The fruits of a long held secular understanding of the separation between Church and State are before us. The deeply held concerns over jobs and the economy among the voters can be traced to the banishment of the Christian religion from our public institutions. As Tocqueville said, religion is the guarantor of morality, and morality, in turn, is the guarantor of freedom. Is it any wonder that the “free” market has come under assault in recent years? Freedom, even as it applies to the economy, is simply unintelligible without Christianity.

We forget that throughout world history freedom has been the exception, not the rule. Liberty is precarious and for that reason it requires grace, discipline and prudence among the citizenry. However, with all the focus on jobs and the economy- a legitimate concern, no doubt -I am afraid that the public is missing the bigger picture. Indeed, the question of America’s survival goes beyond job security, the economy and freedom; all of which are shaped by how we approach Church and State relations. The question about God and man, Church and State goes to the heart of the matter: Does God have a role in our public institutions? The answer to this question, in itself, holds the key to the future of America.

Section II:

Allow me to propose that the intent of the Framers of the Constitution and Catholic theology on separation of Church and State bears much resemblance. Suffice it to say there are differences. Nevertheless, the theological principles which underscore the Declaration of Independence and the U.S. Constitution have been articulated by Popes, Bishops and Councils of the Church long before the American Revolution.

One excellent source representing the Catholic position on Church and State relations is a treatise St. Robert Cardinal Bellarmine written in the seventeenth century entitled, On Civil Government. Not only is this treatise a reliable summary of Catholic doctrine pertaining to the purpose of the State, but it can be argued that St. Bellarmine’s writings had influenced the Framers of the Constitution such as Thomas Jefferson.

The following is an excerpt from an article, St. Robert Bellarmine's Influence on the Writing of the Declaration of Independence & the Virginia Declaration of Rights by Karl Maurer. He makes a comparison between Bellarmine’s writings, Virginia’s Declaration of Rights and The Declaration of Independence.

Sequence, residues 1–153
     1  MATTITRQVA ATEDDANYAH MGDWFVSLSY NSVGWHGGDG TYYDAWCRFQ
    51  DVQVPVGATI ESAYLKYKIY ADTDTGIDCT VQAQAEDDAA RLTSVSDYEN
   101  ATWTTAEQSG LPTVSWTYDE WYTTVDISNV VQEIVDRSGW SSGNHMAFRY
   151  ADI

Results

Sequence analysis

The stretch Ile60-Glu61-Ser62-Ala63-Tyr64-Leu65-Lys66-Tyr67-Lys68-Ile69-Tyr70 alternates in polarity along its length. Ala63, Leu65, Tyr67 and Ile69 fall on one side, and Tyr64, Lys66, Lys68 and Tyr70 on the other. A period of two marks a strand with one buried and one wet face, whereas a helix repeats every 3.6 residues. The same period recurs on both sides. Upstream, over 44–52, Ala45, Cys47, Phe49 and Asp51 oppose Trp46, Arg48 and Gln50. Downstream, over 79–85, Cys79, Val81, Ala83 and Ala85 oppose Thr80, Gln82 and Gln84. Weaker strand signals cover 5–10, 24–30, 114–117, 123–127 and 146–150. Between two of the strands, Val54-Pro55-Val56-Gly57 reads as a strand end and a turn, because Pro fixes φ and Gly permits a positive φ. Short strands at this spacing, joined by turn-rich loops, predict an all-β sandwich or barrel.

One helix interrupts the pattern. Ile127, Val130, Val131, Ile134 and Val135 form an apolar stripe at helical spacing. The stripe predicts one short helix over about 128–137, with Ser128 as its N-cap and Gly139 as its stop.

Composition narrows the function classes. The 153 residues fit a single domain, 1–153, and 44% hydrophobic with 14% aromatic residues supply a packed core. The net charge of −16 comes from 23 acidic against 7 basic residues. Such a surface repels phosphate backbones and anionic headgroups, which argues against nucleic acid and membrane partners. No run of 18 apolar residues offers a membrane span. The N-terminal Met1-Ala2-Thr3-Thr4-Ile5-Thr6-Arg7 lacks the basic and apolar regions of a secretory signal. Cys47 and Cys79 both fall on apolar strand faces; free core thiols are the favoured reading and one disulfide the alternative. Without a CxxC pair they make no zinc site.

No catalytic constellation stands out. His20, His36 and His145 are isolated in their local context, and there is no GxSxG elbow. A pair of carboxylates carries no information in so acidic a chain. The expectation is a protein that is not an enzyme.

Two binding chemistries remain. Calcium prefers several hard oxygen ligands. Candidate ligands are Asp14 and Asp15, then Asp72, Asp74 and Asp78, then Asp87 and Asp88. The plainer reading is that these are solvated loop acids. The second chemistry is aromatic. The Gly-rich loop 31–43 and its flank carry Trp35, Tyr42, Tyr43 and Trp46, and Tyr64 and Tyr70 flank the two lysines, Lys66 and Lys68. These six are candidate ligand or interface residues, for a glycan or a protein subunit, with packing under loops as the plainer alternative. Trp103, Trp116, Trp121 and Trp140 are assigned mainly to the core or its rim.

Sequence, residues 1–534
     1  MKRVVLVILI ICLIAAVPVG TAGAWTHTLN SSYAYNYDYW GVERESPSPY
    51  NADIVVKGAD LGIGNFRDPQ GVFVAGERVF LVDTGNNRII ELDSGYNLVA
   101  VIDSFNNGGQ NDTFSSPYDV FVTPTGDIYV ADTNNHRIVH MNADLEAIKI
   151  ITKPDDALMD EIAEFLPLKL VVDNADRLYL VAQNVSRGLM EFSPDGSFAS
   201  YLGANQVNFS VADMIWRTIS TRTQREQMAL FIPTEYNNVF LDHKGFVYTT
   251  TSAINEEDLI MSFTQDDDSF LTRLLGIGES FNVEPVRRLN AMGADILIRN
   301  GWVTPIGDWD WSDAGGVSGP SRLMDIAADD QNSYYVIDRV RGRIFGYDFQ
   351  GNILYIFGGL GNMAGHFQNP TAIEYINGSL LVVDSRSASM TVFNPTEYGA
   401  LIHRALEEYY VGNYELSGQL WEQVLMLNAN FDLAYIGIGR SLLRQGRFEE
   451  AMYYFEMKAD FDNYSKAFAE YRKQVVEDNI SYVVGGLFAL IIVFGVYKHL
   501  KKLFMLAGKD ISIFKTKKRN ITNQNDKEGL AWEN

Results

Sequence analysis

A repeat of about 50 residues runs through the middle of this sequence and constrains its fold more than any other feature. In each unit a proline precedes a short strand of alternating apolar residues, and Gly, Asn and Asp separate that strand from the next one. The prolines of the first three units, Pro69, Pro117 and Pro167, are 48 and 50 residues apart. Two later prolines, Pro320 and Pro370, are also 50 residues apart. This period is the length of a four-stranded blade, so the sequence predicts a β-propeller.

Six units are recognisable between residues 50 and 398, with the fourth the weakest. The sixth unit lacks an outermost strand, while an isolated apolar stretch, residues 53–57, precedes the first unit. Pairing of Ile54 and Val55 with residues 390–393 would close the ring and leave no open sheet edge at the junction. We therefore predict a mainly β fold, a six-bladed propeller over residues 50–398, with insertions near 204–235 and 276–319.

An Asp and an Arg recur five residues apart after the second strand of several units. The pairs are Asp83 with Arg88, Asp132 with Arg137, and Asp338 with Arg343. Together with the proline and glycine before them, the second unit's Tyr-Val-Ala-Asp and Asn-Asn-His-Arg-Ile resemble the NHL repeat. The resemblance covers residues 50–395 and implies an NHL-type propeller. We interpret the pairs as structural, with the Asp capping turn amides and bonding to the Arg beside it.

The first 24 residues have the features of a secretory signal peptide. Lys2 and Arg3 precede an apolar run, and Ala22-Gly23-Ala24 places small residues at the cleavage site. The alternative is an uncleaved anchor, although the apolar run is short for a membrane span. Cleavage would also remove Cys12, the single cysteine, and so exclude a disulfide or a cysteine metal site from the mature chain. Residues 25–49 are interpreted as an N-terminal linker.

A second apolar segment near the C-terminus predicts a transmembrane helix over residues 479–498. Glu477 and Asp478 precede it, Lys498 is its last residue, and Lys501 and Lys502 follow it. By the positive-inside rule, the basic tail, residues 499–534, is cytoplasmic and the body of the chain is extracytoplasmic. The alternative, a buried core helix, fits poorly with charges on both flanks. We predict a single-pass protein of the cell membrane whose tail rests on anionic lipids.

On the Source of Political Power:
Bellarmine: "Political power emanates from God. Government was introduced by divine law but the divine law has given this power to no particular man." De Laicis (On Civil Government), Ch. VI.

Virginia Declaration of Rights (VDR): ". . . That power is by GOD and NATURE vested in the people."

Declaration of Independence (DOI): "They (the people) are endowed by their Creator with certain unalienable rights."

On the Origin of Government:

Bellarmine: "Men must be governed by someone, lest they be willing to perish. It is impossible for men to live together without someone to care for the common good. Society must have power to protect and preserve itself." De Laicis, Ch. VI.

VDR: "Government is or ought to be instituted for the common benefit, protection, and security of the people, nation, or community."

DOI: "To secure these rights (Life, Liberty, and the Pursuit of Happiness) governments are instituted among men."

On the Power of the People:Bellarmine: "This power is immediately as in its subject, in the whole multitude." De Laicis, Ch. VI. "The people themselves, immediately and directly, hold political power so long as they have not transferred this power to a king or ruler." De Clericis, Ch. VII. "The commonwealth cannot exercise this power itself, therefore, it is helped to transfer it in some way to one man or some few." De Laicis, Ch. VI.

VDR: "All power belongs to the people."

DOI: " Governments are instituted among men, deriving their powers from the consent of the governed."

On All Men Born Free and Equal:Bellarmine: "In the commonwealth, all men are born naturally free and equal." De Clericis, Ch. VII. "There is no reason why amongst equals one should rule rather than another." De Laicis, Ch. VI.

VDR: "All men are born equally free and independent" was originally written, but changed by the convention to read "All men are by nature equally free and independent."

DOI: "All men are created equal."